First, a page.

massachusetts, ella, linguistic landscape, vietnamees

Vietnamese advertisements in Massachusetts: A linguistic landscape analysis

10 minutes to read
My Pham

Wandering on the Internet, the public space people spend most of their time these days, we came across an ‘interesting’ advertisement for a restaurant on the website Vietnamese Business Directory of Massachusetts. To us, Vietnamese who were born and raised in Vietnam, the advertisement was interesting enough to stimulate our curiosity about its owner and maker.

Vietnamese migration

At the moment, it is estimated that about 4,500,000 Vietnamese live outside the country, and nearly half of them are living in America. These people include three main groups, first those who left the country as refugees after the Vietnam War, second those who studied and worked in the former Soviet bloc, and finally those who followed ‘the pattern of human mobility’ after the end of the Cold War ( Blommaert, 2012). Vietnamese diaspora is extremely dynamic. In the last forty years, they have tried to assimilate into the culture of their new host countries while at the same time keeping their original culture. This cultural dynamic is clearly displayed when we look into how they use Vietnamese, their shared means of communication, in advertisements.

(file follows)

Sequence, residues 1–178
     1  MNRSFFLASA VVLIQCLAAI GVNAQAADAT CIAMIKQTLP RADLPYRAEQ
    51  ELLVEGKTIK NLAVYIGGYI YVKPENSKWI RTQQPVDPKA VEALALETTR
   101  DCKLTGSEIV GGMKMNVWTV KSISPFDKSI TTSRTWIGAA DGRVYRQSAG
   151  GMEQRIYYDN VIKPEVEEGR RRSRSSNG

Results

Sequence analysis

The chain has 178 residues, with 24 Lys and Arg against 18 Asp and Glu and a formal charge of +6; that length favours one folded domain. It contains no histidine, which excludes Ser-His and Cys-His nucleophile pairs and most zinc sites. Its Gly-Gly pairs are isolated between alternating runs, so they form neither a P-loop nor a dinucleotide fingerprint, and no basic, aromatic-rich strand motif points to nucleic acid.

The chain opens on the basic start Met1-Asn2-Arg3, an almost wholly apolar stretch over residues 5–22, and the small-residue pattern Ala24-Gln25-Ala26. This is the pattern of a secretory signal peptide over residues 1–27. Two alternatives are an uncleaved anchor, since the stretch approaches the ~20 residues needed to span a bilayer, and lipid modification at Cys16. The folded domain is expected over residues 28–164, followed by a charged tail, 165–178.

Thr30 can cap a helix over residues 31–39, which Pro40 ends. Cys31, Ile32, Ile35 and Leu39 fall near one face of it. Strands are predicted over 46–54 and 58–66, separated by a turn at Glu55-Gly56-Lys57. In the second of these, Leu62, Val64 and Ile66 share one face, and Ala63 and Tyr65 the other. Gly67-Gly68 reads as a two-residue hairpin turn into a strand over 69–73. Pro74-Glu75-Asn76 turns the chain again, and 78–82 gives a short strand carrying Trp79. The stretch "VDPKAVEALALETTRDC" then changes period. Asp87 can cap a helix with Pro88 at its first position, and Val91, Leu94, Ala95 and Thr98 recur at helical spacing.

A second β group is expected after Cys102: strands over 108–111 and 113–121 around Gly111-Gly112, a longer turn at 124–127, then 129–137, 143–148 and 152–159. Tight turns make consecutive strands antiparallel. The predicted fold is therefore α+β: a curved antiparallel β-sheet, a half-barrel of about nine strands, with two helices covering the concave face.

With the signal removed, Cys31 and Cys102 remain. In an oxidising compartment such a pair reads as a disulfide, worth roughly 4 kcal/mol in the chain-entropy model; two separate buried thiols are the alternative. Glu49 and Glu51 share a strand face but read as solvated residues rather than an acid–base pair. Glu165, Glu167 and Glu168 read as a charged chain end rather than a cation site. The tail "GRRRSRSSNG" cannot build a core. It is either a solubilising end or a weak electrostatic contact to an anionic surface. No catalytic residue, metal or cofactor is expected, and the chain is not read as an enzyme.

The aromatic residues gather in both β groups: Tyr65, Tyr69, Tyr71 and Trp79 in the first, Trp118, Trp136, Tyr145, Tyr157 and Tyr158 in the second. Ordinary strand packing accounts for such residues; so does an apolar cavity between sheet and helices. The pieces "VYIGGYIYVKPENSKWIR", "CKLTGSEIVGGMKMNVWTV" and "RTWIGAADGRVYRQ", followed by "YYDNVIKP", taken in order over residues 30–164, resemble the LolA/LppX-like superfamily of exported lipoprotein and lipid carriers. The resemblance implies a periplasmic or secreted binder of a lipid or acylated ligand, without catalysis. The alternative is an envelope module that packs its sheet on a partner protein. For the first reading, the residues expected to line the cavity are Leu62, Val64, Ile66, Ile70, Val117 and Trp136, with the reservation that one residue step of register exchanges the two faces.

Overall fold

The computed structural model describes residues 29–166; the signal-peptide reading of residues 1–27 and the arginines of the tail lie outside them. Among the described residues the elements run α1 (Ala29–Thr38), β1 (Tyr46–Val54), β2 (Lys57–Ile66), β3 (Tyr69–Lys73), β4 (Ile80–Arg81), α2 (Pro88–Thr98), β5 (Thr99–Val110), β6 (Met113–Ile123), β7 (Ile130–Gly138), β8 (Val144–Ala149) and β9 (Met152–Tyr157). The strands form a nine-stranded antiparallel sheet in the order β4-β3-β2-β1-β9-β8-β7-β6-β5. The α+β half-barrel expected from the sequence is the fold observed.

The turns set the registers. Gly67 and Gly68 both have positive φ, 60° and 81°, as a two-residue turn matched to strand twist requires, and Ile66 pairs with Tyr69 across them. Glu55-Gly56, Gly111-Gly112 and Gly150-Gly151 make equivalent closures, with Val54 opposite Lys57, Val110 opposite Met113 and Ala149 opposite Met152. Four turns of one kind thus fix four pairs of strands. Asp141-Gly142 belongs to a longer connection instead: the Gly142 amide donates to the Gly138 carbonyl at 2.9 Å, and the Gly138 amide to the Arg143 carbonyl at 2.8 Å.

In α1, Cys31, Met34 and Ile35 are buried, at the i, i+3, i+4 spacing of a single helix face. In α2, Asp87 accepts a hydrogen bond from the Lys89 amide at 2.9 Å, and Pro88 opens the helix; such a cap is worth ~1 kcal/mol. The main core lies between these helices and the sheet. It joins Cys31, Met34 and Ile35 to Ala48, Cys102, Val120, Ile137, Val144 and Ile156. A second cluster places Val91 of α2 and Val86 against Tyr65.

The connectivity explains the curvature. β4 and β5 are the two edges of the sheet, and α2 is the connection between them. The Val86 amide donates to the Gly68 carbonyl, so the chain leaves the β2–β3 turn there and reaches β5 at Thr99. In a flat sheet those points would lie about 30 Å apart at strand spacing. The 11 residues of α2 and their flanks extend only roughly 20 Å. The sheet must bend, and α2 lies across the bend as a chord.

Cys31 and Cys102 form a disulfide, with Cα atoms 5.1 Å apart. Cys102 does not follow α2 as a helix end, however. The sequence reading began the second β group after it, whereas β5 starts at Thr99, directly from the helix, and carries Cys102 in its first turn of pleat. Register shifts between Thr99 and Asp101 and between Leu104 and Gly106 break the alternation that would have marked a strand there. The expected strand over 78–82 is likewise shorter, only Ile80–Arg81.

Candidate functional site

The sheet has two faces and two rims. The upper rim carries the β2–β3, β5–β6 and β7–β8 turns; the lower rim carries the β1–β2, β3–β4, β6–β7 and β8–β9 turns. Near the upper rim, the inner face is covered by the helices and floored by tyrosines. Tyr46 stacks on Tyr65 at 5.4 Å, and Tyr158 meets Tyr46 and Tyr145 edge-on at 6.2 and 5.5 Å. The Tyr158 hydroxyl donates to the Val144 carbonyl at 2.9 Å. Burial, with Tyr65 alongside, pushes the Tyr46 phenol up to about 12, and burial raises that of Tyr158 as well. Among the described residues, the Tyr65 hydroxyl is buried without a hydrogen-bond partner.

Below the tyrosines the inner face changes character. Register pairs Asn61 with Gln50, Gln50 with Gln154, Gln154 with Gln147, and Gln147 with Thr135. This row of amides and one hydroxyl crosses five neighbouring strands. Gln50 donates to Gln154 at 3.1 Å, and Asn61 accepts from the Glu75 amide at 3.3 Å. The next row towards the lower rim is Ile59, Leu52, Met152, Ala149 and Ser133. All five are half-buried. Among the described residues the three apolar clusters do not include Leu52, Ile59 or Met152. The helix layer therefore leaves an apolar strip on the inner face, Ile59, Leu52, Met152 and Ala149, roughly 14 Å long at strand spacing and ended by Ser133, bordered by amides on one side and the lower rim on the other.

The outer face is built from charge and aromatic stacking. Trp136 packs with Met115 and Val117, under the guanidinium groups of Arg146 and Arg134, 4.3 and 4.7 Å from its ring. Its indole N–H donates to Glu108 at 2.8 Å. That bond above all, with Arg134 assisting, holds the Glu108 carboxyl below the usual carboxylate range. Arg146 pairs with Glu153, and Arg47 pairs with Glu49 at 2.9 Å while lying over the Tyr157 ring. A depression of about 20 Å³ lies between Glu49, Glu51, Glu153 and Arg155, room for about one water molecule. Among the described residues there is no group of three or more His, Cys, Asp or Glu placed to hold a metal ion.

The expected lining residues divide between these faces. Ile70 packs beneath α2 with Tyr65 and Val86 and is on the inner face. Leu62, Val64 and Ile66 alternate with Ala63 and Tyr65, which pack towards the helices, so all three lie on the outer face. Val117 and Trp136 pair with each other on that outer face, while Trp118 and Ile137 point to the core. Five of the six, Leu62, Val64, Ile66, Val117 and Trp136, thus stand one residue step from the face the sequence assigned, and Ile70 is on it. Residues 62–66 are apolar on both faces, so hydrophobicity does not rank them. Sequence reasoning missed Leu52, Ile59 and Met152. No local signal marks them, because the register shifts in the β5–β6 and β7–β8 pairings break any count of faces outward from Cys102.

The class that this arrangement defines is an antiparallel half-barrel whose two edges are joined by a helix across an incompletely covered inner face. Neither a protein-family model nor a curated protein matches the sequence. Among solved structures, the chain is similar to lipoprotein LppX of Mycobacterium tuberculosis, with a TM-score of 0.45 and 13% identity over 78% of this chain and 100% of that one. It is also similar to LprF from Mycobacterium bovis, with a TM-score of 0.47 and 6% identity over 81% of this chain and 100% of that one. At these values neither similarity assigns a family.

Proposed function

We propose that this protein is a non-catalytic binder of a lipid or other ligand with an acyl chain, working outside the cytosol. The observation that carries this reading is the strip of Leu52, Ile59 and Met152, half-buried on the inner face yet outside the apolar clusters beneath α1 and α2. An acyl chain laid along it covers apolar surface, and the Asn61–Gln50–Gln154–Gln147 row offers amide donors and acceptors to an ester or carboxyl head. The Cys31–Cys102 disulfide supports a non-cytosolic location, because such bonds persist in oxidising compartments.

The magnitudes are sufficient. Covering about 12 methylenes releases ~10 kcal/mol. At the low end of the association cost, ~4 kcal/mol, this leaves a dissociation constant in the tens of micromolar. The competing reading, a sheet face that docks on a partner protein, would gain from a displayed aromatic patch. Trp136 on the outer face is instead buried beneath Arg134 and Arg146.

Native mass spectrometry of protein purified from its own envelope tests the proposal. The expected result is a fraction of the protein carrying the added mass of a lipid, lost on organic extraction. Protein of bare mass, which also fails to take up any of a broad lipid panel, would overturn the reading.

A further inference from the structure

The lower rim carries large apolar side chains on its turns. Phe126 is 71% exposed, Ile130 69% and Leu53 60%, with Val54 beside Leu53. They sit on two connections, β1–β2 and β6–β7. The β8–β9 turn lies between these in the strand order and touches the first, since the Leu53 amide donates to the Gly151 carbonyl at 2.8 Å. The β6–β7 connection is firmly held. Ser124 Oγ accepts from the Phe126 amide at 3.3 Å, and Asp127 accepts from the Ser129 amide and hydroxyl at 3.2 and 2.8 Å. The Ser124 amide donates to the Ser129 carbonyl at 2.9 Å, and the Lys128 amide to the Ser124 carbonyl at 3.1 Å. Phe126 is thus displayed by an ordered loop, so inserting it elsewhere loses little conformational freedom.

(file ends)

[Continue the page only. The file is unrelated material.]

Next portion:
Analyzing advertisement is a part of so-called linguistic landscape studies, a branch of sociolinguistics that through analyzing visible language in public space provides ‘a diagnostic of social, cultural and political structures inscribed in the linguistic landscape’ (Blommaert, 2012). The linguistic landscape of the advertisement and menu of Phở Dakao restaurant in Massachusetts can give us some information about the diversity in American society, the Vietnamese diaspora, and how they use both Vietnamese and English.

Authenticity in a super-diverse context

The name of the restaurant “Phở Dakao” indexes directly to the authenticity of Vietnamese food.  Phở is one of the most famous Vietnamese traditional dishes that is gaining popularity in America. ‘Dakao’ was the name of a famous business ward in Sai Gon (now Ho Chi Minh City, Vietnam). We put ‘Dakao’ in inverted commas because it is written slightly differently from the proper way according to the official orthographic system in Vietnam. It must be written ‘ Đa kao’ with a small hyphen in the letter D and a small gap between the two words.

The transformation of the letter ‘Đ’ into D is how Vietnamese people changed their language based on English

The difference is not only with the spelling but also with how people would read the word ‘Dakao’. In Vietnamese, the letter ‘d’ is pronounced as /z/, and the letter ‘đ’ is pronounced as /d/, so ‘Dakao’ should be pronounced /zakaʊ/ instead of /dakaʊ/. The transformation of the letter ‘Đ’ into D is how Vietnamese people changed their language based on English, the dominant language in the US. When we look at the menu of the restaurant, we also find that words such as ‘đặc biệt’ and ‘đồ biển’ also have been changed to ‘dặc biệt’ and ‘dồ biển’, which has no meaning in Vietnamese.